Many people picture lavish luxury houses when they think of custom construction, but not all new construction fits into this mold. It's just as common for new homebuyers to build their own homes to meet unique needs or save money in a hot market. In these cases, getting the best value from everything is often important to stay within budget.
Fortunately, getting good HVAC equipment doesn't mean compromising performance, reliability, or efficiency. However, you need to have clear goals and an understanding of your options to choose the right system for your needs. These three tips will help you work with your contractor to design the perfect air conditioning system for your new home and your budget.
Compare Operating Cost vs Installation Cost
If you're building a new home from scratch, you probably plan to live there for a while. You can probably expect a modern central air conditioning system to last at least 12-17 years, so there's a good chance you'll own your home through most or all of your system's lifespan. Long-term ownership means you stand to benefit from reduced operating costs.
Higher-end models with a higher SEER (seasonal energy efficiency ratio) rating will cost you less over the unit's lifetime. When comparing models, use an energy savings calculator to determine your yearly costs. Although a more expensive, high-efficiency unit will cost more upfront, you may discover it's much lighter on your wallet over the long run.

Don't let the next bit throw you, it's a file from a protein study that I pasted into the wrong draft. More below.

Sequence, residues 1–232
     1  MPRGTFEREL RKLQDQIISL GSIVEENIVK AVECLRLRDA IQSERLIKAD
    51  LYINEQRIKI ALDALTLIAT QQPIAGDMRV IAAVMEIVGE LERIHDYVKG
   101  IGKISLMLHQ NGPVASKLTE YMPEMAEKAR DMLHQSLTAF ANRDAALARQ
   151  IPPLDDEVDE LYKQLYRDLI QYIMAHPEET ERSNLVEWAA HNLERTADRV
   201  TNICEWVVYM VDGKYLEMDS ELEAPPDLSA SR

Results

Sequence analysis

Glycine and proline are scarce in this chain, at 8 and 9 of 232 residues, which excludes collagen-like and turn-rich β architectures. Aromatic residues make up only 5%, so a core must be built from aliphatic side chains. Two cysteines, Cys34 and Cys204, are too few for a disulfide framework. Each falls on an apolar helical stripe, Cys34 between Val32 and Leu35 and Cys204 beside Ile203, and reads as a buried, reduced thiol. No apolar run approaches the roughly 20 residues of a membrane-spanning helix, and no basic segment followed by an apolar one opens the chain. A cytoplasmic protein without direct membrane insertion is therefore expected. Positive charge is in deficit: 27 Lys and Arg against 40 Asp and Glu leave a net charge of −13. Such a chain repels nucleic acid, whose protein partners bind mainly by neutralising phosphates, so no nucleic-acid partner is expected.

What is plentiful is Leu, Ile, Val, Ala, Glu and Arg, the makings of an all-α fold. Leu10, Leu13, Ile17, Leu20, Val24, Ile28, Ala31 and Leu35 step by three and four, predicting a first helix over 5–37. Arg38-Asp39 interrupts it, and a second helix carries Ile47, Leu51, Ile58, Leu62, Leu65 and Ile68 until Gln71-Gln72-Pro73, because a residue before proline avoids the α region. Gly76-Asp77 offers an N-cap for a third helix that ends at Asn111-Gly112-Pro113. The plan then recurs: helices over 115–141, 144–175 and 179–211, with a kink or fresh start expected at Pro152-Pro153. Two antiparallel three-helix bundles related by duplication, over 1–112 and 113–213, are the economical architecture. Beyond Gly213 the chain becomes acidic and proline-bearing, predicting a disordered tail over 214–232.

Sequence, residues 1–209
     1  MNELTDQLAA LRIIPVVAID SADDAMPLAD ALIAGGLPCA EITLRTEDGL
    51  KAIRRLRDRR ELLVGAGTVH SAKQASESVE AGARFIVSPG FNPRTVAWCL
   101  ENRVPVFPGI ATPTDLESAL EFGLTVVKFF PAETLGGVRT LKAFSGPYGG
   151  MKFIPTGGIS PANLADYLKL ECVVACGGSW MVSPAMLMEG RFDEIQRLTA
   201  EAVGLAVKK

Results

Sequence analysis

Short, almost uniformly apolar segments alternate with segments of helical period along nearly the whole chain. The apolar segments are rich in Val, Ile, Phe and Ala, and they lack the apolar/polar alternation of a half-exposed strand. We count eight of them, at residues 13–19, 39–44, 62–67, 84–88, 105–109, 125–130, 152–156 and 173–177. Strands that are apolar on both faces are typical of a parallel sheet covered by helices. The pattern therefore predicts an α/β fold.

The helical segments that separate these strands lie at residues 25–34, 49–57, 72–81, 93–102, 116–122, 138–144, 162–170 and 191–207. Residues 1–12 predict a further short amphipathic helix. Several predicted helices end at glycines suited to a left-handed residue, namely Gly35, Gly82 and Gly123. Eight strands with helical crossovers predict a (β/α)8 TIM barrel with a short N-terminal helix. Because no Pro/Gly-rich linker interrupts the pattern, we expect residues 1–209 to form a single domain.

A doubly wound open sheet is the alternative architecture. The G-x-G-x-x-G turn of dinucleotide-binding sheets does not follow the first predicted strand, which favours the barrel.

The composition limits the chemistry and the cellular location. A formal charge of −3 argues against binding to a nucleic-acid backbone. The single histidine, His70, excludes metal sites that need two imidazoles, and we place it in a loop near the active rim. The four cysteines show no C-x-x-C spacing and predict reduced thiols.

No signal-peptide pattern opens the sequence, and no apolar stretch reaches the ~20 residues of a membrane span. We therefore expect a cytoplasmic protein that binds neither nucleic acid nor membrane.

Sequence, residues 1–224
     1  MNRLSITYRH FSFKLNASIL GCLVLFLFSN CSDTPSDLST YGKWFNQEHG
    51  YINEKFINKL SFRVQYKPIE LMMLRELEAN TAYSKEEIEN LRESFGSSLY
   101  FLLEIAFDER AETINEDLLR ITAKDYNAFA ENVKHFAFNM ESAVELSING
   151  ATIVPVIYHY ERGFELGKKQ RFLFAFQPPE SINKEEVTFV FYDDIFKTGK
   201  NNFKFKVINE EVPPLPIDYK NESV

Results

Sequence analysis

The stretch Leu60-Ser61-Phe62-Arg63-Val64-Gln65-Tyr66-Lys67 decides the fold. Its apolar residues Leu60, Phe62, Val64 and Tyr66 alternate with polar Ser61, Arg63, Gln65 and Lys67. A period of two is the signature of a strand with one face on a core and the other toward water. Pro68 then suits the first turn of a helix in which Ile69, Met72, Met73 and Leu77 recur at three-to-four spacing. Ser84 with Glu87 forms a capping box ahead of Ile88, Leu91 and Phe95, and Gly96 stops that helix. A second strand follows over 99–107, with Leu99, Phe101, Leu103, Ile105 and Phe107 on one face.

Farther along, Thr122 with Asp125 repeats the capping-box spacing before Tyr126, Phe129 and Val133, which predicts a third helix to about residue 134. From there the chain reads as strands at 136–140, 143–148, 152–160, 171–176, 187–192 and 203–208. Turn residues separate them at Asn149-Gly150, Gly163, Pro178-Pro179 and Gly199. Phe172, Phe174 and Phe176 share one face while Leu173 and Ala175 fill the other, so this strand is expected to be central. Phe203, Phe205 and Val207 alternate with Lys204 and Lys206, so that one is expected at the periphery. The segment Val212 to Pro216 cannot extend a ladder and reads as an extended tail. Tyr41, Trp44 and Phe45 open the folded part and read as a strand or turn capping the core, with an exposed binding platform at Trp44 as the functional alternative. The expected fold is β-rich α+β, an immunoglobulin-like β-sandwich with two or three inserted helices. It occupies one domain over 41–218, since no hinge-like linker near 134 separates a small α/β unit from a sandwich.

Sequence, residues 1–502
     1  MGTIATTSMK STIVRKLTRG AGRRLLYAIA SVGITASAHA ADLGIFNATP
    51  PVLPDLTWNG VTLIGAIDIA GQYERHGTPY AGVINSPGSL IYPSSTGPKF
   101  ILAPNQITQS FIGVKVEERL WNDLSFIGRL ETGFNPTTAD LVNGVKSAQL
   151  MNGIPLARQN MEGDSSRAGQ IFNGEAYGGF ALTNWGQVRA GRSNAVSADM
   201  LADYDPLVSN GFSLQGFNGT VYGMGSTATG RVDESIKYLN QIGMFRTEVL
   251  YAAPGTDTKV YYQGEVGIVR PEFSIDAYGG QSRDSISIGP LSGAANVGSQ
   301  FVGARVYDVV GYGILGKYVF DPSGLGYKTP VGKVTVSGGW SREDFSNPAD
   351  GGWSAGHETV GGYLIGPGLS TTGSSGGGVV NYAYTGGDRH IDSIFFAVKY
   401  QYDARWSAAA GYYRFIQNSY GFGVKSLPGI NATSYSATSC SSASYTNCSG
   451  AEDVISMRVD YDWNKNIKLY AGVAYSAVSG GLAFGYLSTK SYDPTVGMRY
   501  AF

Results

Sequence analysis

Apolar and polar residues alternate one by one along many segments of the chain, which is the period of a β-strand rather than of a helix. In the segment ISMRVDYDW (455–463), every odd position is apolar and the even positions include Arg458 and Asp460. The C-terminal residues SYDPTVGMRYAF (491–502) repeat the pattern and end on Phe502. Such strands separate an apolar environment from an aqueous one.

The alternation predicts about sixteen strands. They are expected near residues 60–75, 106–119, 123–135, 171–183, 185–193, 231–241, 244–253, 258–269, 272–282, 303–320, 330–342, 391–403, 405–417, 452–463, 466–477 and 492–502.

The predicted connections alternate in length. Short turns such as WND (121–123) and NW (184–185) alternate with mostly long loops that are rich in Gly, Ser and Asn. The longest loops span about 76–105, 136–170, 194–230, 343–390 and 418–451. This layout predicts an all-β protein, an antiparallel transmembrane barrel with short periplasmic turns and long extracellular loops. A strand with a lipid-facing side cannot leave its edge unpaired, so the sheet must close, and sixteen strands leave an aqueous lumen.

Choose Basic Equipment
High-end models typically have two advantages: higher energy efficiency and multi-stage or variable cooling modes. The latter features can improve comfort and efficiency, but many single-stage units have extremely high SEER values. More importantly, a well-sized system should provide relatively even cooling without a variable-speed compressor or blower.
While there's no denying that these higher-end systems have advantages, they're unnecessary if you simply want to keep your home cool and comfortable. Choosing a simple, single-stage model with a high SEER rating can help you get a great system for your new home without breaking your HVAC budget wide open.
Simplify Your Ductwork
Your contractor will design your home's ductwork to provide adequate airflow and efficient cooling, but there's one area where you can potentially save money: zoning. Zoning requires additional equipment and extra labor, so it has the potential to increase your overall installation costs substantially. Reducing or eliminating zoning is a solid option if you need to save money on your installation.
However, zones can still be useful, especially if you will only occupy part of your home at any given time. In these cases, you should discuss your options with your contractor. You may be able to arrive at a compromise (such as two zones instead of three or four) that will provide you with the benefits of zoning while keeping your costs manageable.
For more information, reach out to an air conditioning contractor near you.